preconditioning can be combined with a subsidiary relaxation-type preconditioning such as SSOR

[2, 153]. Finally, polynomial preconditionings can be useful in some special situations such as that

of complex linear systems arising from the Helmholtz equation [93].

Multicoloring has been known for a long time in the numerical analysis literature and was used

in particular for understanding the theory of relaxation techniques [232, 213] as well as for deriving

ef¬cient alternative formulations of some relaxation algorithms [213, 110]. More recently, it became

an essential ingredient in parallelizing iterative algorithms, see for example [4, 2, 82, 155, 154, 164].

It is also commonly used in a slightly different form ” coloring elements as opposed to nodes ”

in ¬nite elements techniques [23, 217]. In [182] and [69], it was observed that -step SOR pre-

3

conditioning was very competitive relative to the standard ILU preconditioners. Combined with

multicolor ordering, multiple-step SOR can perform quite well on supercomputers. Multicoloring

is especially useful in Element-By-Element techniques when forming the residual, i.e., when multi-

plying an unassembled matrix by a vector [123, 88, 194]. The contributions of the elements of the

same color can all be evaluated and applied simultaneously to the resulting vector. In addition to the

parallelization aspects, reduced systems can sometimes be much better conditioned than the original

system, see [83].

Independent set orderings have been used mainly in the context of parallel direct solution tech-

niques for sparse matrices [66, 144, 145] and multifrontal techniques [77] can be viewed as a par-

ticular case. The gist of all these techniques is that it is possible to reorder the system in groups of

equations which can be solved simultaneously. A parallel direct solution sparse solver based on per-

forming several successive levels of independent set orderings and reduction was suggested in [144]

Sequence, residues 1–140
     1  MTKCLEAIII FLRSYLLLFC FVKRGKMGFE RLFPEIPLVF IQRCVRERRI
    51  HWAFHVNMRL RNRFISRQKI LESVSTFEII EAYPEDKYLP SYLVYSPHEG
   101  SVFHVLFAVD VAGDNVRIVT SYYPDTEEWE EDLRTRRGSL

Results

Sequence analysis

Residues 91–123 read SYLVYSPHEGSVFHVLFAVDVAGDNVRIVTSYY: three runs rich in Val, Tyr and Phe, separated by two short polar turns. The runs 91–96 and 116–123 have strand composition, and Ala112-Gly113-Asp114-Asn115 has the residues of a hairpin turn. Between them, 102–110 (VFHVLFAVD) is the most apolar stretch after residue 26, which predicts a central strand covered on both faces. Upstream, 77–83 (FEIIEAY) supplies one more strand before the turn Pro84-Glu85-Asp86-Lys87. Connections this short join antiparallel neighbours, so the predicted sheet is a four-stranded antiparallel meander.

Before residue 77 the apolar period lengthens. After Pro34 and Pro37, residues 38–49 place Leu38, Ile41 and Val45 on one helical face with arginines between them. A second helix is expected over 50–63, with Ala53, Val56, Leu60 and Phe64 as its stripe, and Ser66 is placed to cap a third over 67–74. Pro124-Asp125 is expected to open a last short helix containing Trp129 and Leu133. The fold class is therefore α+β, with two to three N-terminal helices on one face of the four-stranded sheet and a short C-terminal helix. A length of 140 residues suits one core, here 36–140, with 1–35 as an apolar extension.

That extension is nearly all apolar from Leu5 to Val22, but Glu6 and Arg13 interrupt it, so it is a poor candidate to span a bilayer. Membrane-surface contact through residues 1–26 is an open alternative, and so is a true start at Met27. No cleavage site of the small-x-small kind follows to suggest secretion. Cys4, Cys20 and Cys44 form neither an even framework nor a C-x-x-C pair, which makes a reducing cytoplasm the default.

and in a more general form in [65].

—§™

Equation.

sic concepts, as well as the terminology, are introduced from a model Partial Differential

this chapter considers these techniques from a purely linear algebra view-point, the ba-

neering, a discipline which is not dominated by Partial Differential Equations. Although

the earliest practical uses for domain decomposition approaches was in structural engi-

principles have been exploited in other contexts of science and engineering. In fact, one of

ing Partial Differential Equations over regions in two or three dimensions. However, similar

the principle of divide-and-conquer. Such methods have been primarily developed for solv-

Domain decomposition methods refer to a collection of techniques which revolve around

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An L-shaped domain subdivided into three sub-

domains.

Consider the problem of solving the Laplace Equation on an L-shaped domain parti-

tioned as shown in Figure 13.1. Domain decomposition or substructuring methods attempt

to solve the problem on the entire domain

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from problem solutions on the subdomains . There are several reasons why such tech- C

niques can be advantageous. In the case of the above picture, one obvious reason is that the

subproblems are much simpler because of their rectangular geometry. For example, fast

solvers can be used on each subdomain in this case. A second reason is that the physical

problem can sometimes be split naturally into a small number of subregions where the

modeling equations are different (e.g., Euler™s equations on one region and Navier-Stokes

in another). Substructuring can also be used to develop “out-of-core” solution techniques.

As already mentioned, such techniques were often used in the past to analyze very large

mechanical structures. The original structure is partitioned into pieces, each of which

is small enough to ¬t into memory. Then a form of block-Gaussian elimination is used

to solve the global linear system from a sequence of solutions using subsystems. More

recent interest in domain decomposition techniques has been motivated by parallel pro-

cessing.

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